At the Child Food Trust conference in London last Tuesday, a group of eleven to thirteen year olds from foster homes served up their own home-cooked blinis to 200 people. It’s one example, says chairman Rob Rees, of the success of the Trust’s Let’s Get Cooking clubs that have taught two and half million UK children how to cook and eat healthier food.

“We’ve spent two years trying to get the message across to people about childhood nutrition and it’s been so depressing. We felt we were alone in the wilderness. Now all of sudden there’s a lot of more talk about food poverty – we’ve had the conference, the School Food Review, The Lottery giving forty million to food and health projects. It’s becoming trendy because people are realising what a difference it can make. Now we have to get it right” says Rees.

Getting it right has never been more important. Despite being the seventh richest country in the world, YouGov and the University of Sterling statistics released last month showed that up to 1.5 million UK children are regularly going hungry.  The Child Food Trust figures show that 85 percent of professionals are seeing children who don’t have enough to eat. As well as going hungry, the food that UK children are eating is of such poor quality, Rees says, that we are suffering from a nutritional recession.

Rees believes the key to improving our children’s diet lies, in part, in improving the school meal system, ensuring that children eat more nutrient dense foods, more regularly. At present, only around 40% of UK school children have school meals compared to the US where the figure is double that. Also, US school children benefit from food being offered at breakfast, after school and in the holidays as well.

The government is trying to address this issue with the School Food Plan, a review of the school meals system led by chefs Henry Dimbleby and Jon Vincent. Among their recommendations is the banning of packed lunches in order to lower the amount of junk food and improve the up-take of school meals. However, such changes would need to go hand-in-hand with an overhaul of the dinners currently served up in school canteens across the country, which still include too much processed food and food that kids just won’t eat.

David Payne is someone who knows about the reaction school dinners can cause better than most. His nine-year-old daughter, Martha, caused an international stir last year when she started a blog complaining about the quality and quantity of the lunchtime meals at her primary school in Scotland. The photographs and accompanying copy quickly attracted millions of followers who also took the opportunity to send in their photos of substandard school meals. Martha wrote, “the good thing about [the] blog is Dad understands why I am hungry when I get home.”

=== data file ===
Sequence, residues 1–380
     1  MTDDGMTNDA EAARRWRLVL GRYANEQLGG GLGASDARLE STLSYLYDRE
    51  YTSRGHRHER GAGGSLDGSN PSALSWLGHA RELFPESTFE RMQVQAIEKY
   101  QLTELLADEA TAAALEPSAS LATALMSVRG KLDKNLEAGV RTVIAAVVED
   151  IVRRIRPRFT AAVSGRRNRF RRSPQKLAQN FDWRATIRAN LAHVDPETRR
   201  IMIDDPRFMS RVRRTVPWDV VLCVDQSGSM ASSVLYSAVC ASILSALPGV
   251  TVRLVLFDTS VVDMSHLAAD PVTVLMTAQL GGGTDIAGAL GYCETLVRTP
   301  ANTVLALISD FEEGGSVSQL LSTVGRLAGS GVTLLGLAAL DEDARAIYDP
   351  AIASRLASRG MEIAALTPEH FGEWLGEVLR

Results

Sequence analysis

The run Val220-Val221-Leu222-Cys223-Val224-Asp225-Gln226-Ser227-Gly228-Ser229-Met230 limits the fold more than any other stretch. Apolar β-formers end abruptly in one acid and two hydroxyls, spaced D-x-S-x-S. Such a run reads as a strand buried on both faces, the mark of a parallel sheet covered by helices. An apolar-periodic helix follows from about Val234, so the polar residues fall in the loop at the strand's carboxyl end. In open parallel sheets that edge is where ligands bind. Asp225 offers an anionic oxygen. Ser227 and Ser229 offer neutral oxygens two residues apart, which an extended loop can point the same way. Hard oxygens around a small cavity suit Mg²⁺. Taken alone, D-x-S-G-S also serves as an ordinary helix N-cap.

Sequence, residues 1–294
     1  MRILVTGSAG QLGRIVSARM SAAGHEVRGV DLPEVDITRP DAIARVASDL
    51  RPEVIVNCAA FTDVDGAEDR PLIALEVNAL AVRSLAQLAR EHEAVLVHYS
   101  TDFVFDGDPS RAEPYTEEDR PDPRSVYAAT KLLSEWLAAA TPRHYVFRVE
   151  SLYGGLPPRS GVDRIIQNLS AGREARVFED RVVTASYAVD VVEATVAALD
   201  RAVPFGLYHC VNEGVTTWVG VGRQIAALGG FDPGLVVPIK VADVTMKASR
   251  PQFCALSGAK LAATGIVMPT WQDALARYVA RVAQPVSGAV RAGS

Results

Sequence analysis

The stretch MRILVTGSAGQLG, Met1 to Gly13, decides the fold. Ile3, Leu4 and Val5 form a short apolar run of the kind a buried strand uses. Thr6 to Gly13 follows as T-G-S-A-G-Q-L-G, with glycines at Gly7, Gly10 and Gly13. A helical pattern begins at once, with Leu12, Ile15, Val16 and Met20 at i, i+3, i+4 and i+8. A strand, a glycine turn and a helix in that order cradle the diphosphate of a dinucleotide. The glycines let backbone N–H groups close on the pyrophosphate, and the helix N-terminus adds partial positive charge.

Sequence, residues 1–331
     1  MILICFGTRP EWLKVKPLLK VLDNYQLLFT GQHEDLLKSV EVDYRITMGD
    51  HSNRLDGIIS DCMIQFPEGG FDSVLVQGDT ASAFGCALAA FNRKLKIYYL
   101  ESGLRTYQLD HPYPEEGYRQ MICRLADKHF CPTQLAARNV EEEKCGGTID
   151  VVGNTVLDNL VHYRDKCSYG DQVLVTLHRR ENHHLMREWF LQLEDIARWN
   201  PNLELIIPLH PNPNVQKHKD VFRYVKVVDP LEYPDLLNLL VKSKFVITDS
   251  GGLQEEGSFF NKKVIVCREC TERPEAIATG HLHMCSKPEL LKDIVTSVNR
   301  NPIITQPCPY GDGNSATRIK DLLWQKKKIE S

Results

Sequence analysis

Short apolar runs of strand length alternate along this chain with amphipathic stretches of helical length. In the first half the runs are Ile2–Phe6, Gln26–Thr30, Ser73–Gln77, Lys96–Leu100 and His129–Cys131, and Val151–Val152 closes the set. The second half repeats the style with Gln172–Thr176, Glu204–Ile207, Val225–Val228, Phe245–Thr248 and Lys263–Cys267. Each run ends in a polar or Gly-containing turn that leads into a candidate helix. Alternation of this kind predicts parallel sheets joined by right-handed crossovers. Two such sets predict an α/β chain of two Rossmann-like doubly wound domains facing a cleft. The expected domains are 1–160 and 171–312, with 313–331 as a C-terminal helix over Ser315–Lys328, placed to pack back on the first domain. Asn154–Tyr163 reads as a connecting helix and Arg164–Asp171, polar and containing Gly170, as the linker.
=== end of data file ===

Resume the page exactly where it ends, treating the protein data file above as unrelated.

As a result, Martha’s school meals were improved by including unlimited fruit and vegetables, and she also raised £130,000 for a school meals programme in Africa. Talking at the Child Food Trust conference, David Payne, who runs a smallholding in the West of Scotland said all children should be encouraged to blog about food. “Martha would tell me how much she didn’t like her meals but I wasn’t listening. When I saw it, I thought ‘I wouldn’t want to eat that.’ It just wasn’t of a quality I was expecting.”

Martha is lucky that she comes from a family who have taught her to cook at home. She and her siblings take turns to make one meal every two weeks, often using ingredients that have been grown or reared on their land. However, millions of children still don’t know the importance of nutrition, which is why Education Minister Michael Gove, has agreed to introduce cooking classes into schools by 2014.

This is the first time cooking will be a compulsory part of the secondary school curriculum and campaigners are hopeful it will go a long way in teaching children about the benefits of eating well. It is hoped that the classes would mean that every child in Britain could leave secondary school able to cook at least 20 nutritionally balanced meals. As simple as it sounds, such a change in education policy could redress the nutritional deficit many of our children suffer from in as little as a generation.

However, many childhood nutrition experts feel that learning to cook isn’t the only change needed to get children eating better food. If we want children to eat vegetables, they need know where they come from. Claire Rosling is the Community Engagement officer at The Community Farm, a CSA outside Bristol. She runs an education programme to encourage children to grow food themselves.

“A field is a much more interesting place to be than a classroom. If you get a child growing a vegetable from seed and they have nurtured it and planted it out and harvested it, then they feel proud of their achievements,” says Rosling. “If you get a child to grow kale, they will eat kale.”

The Community Farm has started a seed project with local primary schools to encourage them to grow food in their gardens. Rosling would like to see such initiatives rolled out on a national level. “Nutrition shouldn’t just be an add on,” says Rosling, “it should be worked into the whole curriculum. Through food, you can teach science, geography, even history. We need to catch kids before they’re 11 if we have any chance of changing the food culture in this country.”

For the first time in years, it looks like politicians and potential funders are now prepared to listen to such comments. Lets hope the momentum continues.

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